While many are overwhelmed by the volume of the recording seems to benefit from this gambling on compression. The 1992 album “the Chronic” by rapper Dr. Dre and the second Studio album of the British Oasis “(What’s the Story) Morning Glory?”these are the most frequently mentioned high-profile recordings that have achieved commercial success. Everyone knows other major releases: “Californication “(1999) Red Hot Chili Peppers,” Vapor Trails “(2002) Rush and” Death Magnetic ” (2008) Metallica, squeezed so much that at the time caused complaints from fans.
All of this volume manipulation had a potential drawback. Many professionals claim that excessive volume causes auditory fatigue. We may not notice this consciously, they argue, but it reduces the likelihood that we will listen to music for a long time. Although this is difficult to prove, it cannot be denied that the reduction in dynamic range has limited the sound palette of recordings.When compact discs were first released in the ‘ 80s, one of their advantages was their ability to cover a larger dynamic range than in vinyl records, but today’s popular recordings have a smaller dynamic range than recordings made in the analog era.Grammy nominees Record of the Year 2019 30-second samples of these eight songs show that the trend of strong compression is still strong. Tracks are sorted by the distance between their peaks and the average volume.

Charts show the peak and RMS volume of each song every half second for 30 seconds of the sample, starting one minute from the beginning of the song
A few years ago, Chris Johnson, a developer of audio software, tested a theory supported by some anti-loudness activists that the industry-wide hypercompression was partly to blame for the artist’s career decline.
Based on the list of the best-selling records of all time, he reorganized them in order of “commercial importance”, assigning each a score obtained by multiplying the number of platinum certificates in the album (how many millions sold) by the number of years it was on the market. These are records that were not just popular, they also continued to sell successfully over the years. Then he used software to analyze the” sound character ” of each album.Johnson was able to discover that they had one thing in common: these albums, regardless of genre, had a high dynamic range. The most commercially important albums had many “high-contrast “moments when” sharply changing instruments”, like short bursts of energy, stood out from the”background space where the instruments are placed”. This was especially noticeable on vocals and percussion (one of the most intriguing similarities is between Michael Jackson’s ” Thriller “and Pink Floyd’s” the Wall ” album).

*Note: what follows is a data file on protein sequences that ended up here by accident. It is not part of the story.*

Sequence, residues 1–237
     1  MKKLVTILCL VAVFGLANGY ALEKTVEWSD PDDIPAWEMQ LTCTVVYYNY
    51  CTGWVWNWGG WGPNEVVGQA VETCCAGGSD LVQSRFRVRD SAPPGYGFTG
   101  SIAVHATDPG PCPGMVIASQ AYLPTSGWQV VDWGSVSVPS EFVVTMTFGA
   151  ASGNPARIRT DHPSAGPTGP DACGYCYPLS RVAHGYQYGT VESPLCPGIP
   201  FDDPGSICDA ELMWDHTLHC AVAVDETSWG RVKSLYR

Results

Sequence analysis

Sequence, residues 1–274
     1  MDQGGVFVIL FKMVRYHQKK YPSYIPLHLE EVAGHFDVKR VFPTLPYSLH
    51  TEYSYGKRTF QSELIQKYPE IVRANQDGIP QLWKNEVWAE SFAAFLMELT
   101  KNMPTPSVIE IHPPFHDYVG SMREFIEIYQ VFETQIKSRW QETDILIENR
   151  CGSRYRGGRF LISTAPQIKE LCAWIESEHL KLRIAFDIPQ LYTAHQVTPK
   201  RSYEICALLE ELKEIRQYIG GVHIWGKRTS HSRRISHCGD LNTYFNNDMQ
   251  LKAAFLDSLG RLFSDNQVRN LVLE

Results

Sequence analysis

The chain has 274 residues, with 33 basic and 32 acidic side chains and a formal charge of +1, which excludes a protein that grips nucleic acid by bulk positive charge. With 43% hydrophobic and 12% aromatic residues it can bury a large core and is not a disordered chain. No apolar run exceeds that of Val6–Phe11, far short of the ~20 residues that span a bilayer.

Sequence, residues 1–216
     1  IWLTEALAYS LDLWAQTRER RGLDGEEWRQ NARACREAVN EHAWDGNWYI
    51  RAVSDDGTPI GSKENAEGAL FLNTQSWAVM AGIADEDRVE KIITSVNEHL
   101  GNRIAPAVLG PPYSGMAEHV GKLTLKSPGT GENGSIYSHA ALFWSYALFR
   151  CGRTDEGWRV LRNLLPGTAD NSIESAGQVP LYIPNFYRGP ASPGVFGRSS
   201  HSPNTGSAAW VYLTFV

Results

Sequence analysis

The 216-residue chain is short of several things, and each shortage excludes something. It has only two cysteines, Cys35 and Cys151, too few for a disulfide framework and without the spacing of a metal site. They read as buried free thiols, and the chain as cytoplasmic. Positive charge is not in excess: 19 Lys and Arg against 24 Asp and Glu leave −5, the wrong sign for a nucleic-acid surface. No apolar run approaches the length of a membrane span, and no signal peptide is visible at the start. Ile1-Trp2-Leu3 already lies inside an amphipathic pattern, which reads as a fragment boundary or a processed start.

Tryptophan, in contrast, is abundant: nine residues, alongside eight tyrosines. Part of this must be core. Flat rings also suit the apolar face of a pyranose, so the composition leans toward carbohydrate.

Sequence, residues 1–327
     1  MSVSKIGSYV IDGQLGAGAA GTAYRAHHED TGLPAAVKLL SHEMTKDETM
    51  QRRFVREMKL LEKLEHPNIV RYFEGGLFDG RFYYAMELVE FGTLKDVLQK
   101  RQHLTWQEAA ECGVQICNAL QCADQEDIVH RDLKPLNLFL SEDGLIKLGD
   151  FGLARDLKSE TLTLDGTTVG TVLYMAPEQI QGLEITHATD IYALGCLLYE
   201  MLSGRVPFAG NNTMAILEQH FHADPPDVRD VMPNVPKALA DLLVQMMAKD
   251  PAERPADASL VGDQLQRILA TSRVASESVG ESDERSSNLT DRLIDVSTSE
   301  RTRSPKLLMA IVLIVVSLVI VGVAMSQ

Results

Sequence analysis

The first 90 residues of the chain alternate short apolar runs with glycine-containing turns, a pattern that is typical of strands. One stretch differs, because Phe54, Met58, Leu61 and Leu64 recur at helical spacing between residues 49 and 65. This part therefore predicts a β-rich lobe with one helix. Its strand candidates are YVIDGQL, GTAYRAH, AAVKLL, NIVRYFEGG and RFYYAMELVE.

Charts show the peak and RMS volume of each song every half second for 30 seconds of the sample, starting one minute from the beginning of the song
Volume plays a role, but most of us like it when there is time for a break in music, so that our eardrums can delight in small bursts of sound. In a tight, compressed recording, the music can quickly run out of steam.
Tops Mr. Johnson’s list, just ahead of Led Zeppelin’s fourth album, “their Greatest Hits (1971-1975)” by the Eagles. “It’s great news, but not unexpected,” Johnson said, ” to find that the most successful album in history contains some of the most striking dynamic contrasts known to pop music.”